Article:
Touch is a basic human need. That's why a warm touch like a hand, a hug, even a pat on the shoulders can make you feel happy. However, for people who have allodynia, they may be as much as possible to avoid getting in touch with others. Not for fear of being touched, but in order to prevent the pain inflicted from the touch itself — even though it is really just a glimpse. Allodynia can even make skin feel pain when touched by the wind or the clothes you wear. What is the cause?
What is Allodynia?
Pinch or slap is the touch of the skin that causes pain. The pain caused by the or being kicked is derived from a signal sent from the nerve endings of the nociceptor under the skin to warn the brain over danger. The brain then manifests this signal as a pain, which makes you stunned, crying, angry, until the skin is flushed.
But different when you have allodynia. Allodynia is an unusual sensation of pain in the skin caused by a simple contact who is not usually painless. For example, when rubbing the skin very gently or just simply putting a thumb on the arm.
Allodynia occurs due to damage or impaired function in the central or peripheral nervous system, which should help to pass the touch signal from the skin to the brain. As a result, a simple touch that should be translated as something natural or soothing is even misunderstood by the brain as a harmful touch. Thus, there is a pain.
Allodynia itself is different from Dysesthesia, which is a group of uncomfortable sensations in the skin that can be a tangible sense of heat, burning sensation, tingling, amused, Baal (numbness) until the needle is stabbed when touched. Allodynia causes only overwhelming pain or pain when the skin is touched.
Introduction to the types of Allodynia
There are three main types of allodynia, namely:
- Tactile Allodynia is a pain caused by a touch. This could include clothes that stick directly to the skin (especially tighter clothing parts, such as belts, rope bras, or rubber socks on the ankle)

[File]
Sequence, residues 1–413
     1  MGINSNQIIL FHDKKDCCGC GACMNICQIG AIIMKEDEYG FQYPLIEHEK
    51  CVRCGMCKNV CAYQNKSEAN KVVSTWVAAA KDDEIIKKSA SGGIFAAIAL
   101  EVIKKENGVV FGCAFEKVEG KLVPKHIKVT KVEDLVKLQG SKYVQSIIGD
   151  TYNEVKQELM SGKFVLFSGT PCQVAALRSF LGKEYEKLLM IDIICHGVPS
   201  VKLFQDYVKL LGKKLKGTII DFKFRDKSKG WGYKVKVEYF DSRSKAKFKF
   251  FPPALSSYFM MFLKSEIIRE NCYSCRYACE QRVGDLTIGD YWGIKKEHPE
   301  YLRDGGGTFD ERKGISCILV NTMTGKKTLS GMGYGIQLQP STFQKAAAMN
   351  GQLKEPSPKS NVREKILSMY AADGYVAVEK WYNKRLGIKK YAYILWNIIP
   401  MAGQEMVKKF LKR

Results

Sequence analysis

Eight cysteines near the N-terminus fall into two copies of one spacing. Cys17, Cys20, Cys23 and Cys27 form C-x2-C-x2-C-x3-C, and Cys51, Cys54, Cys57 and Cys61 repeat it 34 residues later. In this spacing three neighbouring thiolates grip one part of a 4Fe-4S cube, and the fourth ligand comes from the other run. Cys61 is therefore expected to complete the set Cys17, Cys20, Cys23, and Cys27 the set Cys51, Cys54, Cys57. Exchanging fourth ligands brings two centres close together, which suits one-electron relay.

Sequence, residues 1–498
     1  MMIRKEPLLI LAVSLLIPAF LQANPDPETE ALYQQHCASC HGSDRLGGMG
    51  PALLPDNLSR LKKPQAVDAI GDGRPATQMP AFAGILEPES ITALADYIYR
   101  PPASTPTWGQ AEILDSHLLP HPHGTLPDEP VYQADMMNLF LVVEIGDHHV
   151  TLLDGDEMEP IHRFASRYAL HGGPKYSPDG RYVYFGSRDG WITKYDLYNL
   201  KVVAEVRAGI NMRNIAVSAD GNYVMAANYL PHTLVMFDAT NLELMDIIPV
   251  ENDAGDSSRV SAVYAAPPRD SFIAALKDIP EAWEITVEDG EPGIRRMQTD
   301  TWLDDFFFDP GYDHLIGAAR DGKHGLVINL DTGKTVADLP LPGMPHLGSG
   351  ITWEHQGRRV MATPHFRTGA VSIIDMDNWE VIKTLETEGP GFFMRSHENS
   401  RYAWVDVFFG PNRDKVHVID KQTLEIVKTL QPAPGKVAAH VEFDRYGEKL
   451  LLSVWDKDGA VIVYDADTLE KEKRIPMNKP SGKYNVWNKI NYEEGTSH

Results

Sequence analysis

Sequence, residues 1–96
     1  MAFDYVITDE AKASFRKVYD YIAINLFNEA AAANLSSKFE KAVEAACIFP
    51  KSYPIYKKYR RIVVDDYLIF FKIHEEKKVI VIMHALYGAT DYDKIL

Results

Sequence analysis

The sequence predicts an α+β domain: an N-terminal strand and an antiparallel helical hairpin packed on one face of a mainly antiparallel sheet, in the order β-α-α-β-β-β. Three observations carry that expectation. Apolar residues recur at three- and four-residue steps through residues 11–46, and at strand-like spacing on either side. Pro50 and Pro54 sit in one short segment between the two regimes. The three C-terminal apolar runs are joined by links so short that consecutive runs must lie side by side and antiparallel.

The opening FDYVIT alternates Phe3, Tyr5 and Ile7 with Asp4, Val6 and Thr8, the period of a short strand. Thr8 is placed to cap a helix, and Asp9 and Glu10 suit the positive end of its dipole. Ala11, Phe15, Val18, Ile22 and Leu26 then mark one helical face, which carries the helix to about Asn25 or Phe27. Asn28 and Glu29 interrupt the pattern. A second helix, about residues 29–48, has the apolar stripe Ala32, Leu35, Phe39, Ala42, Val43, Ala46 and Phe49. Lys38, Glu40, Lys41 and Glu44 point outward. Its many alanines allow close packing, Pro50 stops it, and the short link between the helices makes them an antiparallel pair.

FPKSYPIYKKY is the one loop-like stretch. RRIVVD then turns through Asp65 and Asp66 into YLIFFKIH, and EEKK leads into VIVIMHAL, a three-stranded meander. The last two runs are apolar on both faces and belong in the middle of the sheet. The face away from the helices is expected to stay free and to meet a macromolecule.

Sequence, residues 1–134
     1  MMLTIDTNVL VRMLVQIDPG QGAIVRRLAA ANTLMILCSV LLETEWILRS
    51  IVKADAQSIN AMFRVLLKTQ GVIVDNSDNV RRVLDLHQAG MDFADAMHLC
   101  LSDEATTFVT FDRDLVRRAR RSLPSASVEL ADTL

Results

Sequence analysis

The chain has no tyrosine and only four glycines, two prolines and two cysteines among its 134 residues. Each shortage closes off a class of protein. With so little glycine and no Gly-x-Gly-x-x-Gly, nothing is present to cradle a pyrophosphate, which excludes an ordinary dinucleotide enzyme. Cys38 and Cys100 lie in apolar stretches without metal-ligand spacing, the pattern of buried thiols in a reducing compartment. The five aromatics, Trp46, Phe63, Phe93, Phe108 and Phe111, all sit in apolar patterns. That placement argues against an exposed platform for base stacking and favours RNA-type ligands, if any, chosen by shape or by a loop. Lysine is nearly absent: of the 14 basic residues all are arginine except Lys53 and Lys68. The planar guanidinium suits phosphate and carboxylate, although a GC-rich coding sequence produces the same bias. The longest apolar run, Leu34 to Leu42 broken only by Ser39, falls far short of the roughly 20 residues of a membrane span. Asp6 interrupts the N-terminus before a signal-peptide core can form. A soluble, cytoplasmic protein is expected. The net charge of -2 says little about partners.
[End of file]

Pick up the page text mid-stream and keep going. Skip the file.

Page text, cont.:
- Mechanical allodynia is caused by movement or friction in the skin. This can happen when you dry your body with a towel, rub the body while bathing, or even air that blows or moves on top of your skin.
- Thermal Allodynia is caused by extreme temperature changes (very hot or highly wanted) thereby causing damage to your tissues. If your hands and feet become blue when cold, you should talk to your doctor immediately. This may be a symptom of a different condition called Raynaud's syndrome.
What are the symptoms of allodynia?
The most common symptom is a pain due to touch stimulation which is not usually painless. You may feel a painful gentle touch. You may also feel pain while brushing your teeth or other movements along the skin or comb your hair. In some cases, you may find the temperature of lukewarm warm water or cold water hurt in the skin.
Depending on the cause of your allodynia, you may also experience other symptoms. For example, the allodynia caused by fibromyalgia often causes anxiety, depression, difficulty concentrating, sleeplessness, and fatigue. If you experience allodynia caused by migraines, you may experience painful headaches, very sensitive to light and sound, nausea, and changes in vision.
What are the causes of allodynia?
Allodynia itself is not a stand-alone disease, but rather as a symptom syndrome that generally accompanies a certain underlying medical condition. Risk factors for the occurrence of Allodynia include fibromyalgia, migraine headaches, peripheral neuropathy (complications of diabetes or other conditions), up to postherquotation Neuralgia (complications of herpes zoster).
How is Allodynia diagnosed?
If you suddenly feel your skin is more sensitive to touch than usual, you can do a personal check first before making sure it is at the doctor. For example, try slowly peeling dry cotton on your skin. Is it painful? Next, paste a warm or cold compress on your skin.
Compresses are usually healing, but if you feel overwhelming pain, make a consultation appointment with your doctor to get a formal diagnosis.
Your doctor can perform various tests to assess your nerve sensitivity. Your doctor will also ask you about your medical history and any other symptoms you may have. It can help your doctor to start identifying the causes of allodynia that you have. Tell your doctor what changes you feel to your skin.